Other plants survive a few season, leaving a little trace of themselves in your life.  Usually, friends don’t part in heart unless for a falling out.  The friend since High School that spent years calling on you in times of need, but never had time when you called. The man who never found the courage to say the words you needed to hear and let you fall away.  The friend who pushed you away when darkness filled your life.

There are always annuals, who bloom for a month or two, a day, sometimes, even just a moment.  They are as important as any.  The elderly gentleman who spends an hour or two at work sharing his excitement to travel to Washington DC on the Freedom Flight.  The stranger who chases you down to return your empty wallet.  The small child in the grocery store who grants you a shy smile.  Sometimes, it’s the little things.

 Some are weeds.  Actually, a lot of weeds. As I said, I’m a “plant and ignore” gardener.  I’m not up-to-date on all the latest treatments and when to pinch off dead blooms.  I’ve been known to allow weeds to grow in my garden as well.  I have a laundry list of weeds that I’m choosing not to address.  I’d begun to question if it was the quality of the soil in my garden that allowed so many weeds.  I used to be closed off, reserved, and a little scared of kindness.  Many times, I blamed my kindness for the “weedy” people that planted themselves in my life and believed that if I only were less kind, only those who truly cared, the hardy ones would survive.

Of course, I’ve grown a lot since then and realized that it has nothing to do with the soil quality and everything to do with facts.  Regardless of anything you try, weeds will grow and the only way to remove them is to get down on your hands and knees to begin plucking.  The more weeds I remove, I discover that neglected flowers have been in hibernation, holding back until they could fully live to their potential in my life. I’ve also discovered some that are barely peeking out of the ground.  I hope time will tell what flower they will bear.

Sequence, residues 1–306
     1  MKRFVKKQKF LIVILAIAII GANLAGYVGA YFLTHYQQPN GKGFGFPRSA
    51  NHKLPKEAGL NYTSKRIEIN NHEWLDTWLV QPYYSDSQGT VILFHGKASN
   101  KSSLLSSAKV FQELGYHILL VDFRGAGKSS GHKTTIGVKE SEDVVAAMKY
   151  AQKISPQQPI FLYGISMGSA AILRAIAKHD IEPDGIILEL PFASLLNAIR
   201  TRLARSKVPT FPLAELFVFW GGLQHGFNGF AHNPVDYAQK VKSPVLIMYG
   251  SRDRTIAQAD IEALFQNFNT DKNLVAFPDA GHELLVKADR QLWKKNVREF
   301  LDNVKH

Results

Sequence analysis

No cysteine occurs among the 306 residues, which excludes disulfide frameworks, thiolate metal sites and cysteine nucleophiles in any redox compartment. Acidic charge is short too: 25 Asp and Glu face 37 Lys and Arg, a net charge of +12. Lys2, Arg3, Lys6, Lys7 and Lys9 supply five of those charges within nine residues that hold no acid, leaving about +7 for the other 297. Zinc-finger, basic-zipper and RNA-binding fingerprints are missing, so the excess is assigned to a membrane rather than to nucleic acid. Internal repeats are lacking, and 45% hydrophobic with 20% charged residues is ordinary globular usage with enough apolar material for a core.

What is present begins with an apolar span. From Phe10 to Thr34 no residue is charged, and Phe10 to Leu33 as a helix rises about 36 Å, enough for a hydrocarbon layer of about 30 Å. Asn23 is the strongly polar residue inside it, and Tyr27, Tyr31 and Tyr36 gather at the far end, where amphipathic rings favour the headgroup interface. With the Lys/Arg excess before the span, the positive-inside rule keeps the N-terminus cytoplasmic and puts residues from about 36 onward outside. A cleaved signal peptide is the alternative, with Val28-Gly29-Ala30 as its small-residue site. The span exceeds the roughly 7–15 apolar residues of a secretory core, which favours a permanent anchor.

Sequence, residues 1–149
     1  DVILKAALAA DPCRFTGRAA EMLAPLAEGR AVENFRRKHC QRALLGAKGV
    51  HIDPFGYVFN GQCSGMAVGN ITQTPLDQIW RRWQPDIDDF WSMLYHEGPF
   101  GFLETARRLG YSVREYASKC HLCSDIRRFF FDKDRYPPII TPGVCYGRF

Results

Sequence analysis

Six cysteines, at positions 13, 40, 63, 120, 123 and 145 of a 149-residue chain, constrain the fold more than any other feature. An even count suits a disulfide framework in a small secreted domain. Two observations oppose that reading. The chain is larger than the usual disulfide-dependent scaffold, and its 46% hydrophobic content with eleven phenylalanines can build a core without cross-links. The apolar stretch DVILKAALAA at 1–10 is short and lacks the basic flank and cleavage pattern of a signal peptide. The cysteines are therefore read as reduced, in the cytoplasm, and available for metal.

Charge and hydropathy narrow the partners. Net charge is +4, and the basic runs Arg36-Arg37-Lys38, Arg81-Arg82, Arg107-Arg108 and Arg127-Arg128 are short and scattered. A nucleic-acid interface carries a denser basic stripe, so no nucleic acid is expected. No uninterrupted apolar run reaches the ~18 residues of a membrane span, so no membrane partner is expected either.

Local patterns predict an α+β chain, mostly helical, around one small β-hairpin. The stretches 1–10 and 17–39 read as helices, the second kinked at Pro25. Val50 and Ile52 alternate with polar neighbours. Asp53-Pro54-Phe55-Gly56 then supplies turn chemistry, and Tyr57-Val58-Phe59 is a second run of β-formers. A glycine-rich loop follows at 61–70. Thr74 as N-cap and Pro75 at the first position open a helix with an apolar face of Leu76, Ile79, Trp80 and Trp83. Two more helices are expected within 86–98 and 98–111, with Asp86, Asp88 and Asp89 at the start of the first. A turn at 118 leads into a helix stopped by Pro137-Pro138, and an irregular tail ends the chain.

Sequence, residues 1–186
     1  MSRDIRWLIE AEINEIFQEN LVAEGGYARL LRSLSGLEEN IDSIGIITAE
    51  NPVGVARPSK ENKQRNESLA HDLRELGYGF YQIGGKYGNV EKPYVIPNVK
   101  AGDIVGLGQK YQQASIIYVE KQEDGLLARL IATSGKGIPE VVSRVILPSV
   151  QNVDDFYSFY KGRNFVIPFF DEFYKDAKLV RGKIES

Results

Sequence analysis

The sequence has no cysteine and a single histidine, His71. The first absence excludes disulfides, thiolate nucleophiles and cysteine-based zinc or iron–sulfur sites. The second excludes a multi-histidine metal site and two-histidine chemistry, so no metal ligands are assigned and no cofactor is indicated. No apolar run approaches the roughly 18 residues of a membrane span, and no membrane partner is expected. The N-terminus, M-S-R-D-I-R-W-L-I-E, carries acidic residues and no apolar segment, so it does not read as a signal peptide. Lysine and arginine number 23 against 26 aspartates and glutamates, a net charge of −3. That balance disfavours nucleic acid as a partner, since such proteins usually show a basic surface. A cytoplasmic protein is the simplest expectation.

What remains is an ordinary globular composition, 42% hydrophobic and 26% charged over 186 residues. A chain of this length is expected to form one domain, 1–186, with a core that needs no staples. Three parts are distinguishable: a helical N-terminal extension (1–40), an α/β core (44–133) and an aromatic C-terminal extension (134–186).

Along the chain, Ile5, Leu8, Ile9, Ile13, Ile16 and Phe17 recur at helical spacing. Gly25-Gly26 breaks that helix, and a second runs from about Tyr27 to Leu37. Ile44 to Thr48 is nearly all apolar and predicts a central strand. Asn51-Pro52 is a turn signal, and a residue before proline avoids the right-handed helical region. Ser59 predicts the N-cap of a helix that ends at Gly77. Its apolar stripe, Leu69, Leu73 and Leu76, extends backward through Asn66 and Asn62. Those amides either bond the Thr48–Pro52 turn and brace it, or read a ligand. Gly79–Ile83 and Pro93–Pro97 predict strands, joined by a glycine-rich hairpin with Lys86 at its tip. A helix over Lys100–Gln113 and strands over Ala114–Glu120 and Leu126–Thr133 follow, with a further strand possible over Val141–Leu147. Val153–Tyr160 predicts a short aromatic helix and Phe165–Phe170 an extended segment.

Hence, my theme for “The Weight of the World”.  There is no external conflict.  No terrorists blow up the local post office.  No bickering friends.  No cheating spouse.  The conflict is completely her own, fighting inside her among the “plants” that have found their way into her life.  I’ve been trying to put the theme into words for over a year now.  As I explained it to one friend, “It has no plot, but it has a plot.  It’s a story, but it’s not really a story.”  Itsy‘s theme is her effort to weed her garden. 

With all of that said, I have a final thought to share.  Unlike real plants, we get to choose what kind of bloom we have.  Whether spindly, colorless, and dry with thorns or full blooms that fill someone elses flower bed with something of substance.  Honesty, sincerity, and kindness blossom when weeds are removed.  Don’t be afraid to pay that compliment to someone you admire.  Thank a friend for “just being a friend”.  Give a crying child a happy wave at the grocery store.  At first, it leaves you feeling vulnerable.  It’s far easier to pretend that they just know.  But vulnerability is honesty. The only other option is to be a weed.  Trust me, there are enough to last me a good night’s work in my flower bed.

Good night and sweet dreams.


About author A. Lynn

A. Lynn has enjoyed the craft of writing since she finished the songs in Barry Manilow's songs as a five year old, prancing around her grandparents rural farm. Her style has changed as she's grown up. In the past ten years, she's experimented until finding her style and voice. Now, she's ready to take an effort to share her stories with the world. amberlynnk@yahoo.com View all posts by author A. Lynn